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There is perhaps no bigger comic book-inspired cinematic enigma than Sony's "Venom" movie, which will arrive in theaters this October.

After a seemingly pointless teaser trailer release in February that had plenty of star Tom Hardy, but absolutely no Venom, the grumbling began as to whether Sony, which needed Marvel Studios to save Spider-Man on film, could be trusted to spin off a new Marvel movie franchise by itself.

That first teaser likely served as a gentle reminder to the comic book movie faithful that yes, this movie is actually being made. For the first full trailer, which debuted in late April, Sony was going to have to bring it with a Venom money shot.

And it delivered. It took until the final moments of the trailer, but there was Hardy, rising from the ground, in black, symbiotic ooze with creepy all-white eyes, instantly going from prey to predator.

There he is. Venom. One of Spider-Man's most popular villains, brought to life by the '90s comic book artwork of artists such as Todd McFarlane and Erik Larson. The seconds' worth of a glance we get, after he declares "We are Venom" in a ghoulishly dark voice, instantly pass the comic book geek visual test.

But do we have a hit franchise here? It's just too soon to tell.

Sony and "Venom" will have to overcome the stigma of being a Marvel movie without the guidance of Marvel Studios, something 20th Century Fox knows all too well. In "Deadpool," which has a sequel dropping this week, Fox struck gold with a raunchy, R-rated hit that stayed true to its comic book roots while also taking the superhero movie to a place that it hadn't been before, stylistically. But Fox's "X-Men" franchise, with 2014's "Days of Future Past" and 2016's "Apocalypse" as recent outings, feels like it's on its last legs and could use a Marvel Studios infusion.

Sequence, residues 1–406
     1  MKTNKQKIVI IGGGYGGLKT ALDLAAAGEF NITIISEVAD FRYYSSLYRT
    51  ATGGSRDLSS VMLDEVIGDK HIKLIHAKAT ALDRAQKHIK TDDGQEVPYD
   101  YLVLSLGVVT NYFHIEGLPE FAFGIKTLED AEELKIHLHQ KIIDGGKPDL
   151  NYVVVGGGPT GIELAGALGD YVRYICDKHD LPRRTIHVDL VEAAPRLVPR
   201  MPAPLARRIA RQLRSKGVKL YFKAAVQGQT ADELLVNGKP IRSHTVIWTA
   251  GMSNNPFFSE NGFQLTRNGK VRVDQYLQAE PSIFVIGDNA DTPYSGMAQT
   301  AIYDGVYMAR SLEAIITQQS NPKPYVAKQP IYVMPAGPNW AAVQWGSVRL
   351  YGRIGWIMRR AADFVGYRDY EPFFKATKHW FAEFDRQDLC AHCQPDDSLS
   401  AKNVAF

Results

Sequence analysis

"Venom" has two options. It can go the "Deadpool" route, creating something that feels new with a highly fan-recognizable comic book property, embracing the opportunity to make some comic book-inspired horror with a character that's hella scary. Or the movie could come off like those Andrew Garfield "Amazing Spider-Man" movies: good, not great, and seemingly made just to hold on to a character's movie rights.

Hardy has already given an all-time supervillain performance as Bane in 2012's "The Dark Knight Rises." Can he be just as convincing as an anti-hero? He certainly looks a lot more like Venom alter ego Eddie Brock, bringing way more bulk than Topher Grace did when he played the character in 2007's "Spider-Man 3."

"Venom" has a chance to give Sony some much needed independence from Marvel Studios. With the rights to so many Spider-Man universe characters, Sony could prove that it's still got a little comic book magic left. Or this could be the movie that leads fans to demand that Marvel Studios take over everything ­Marvel-related on film.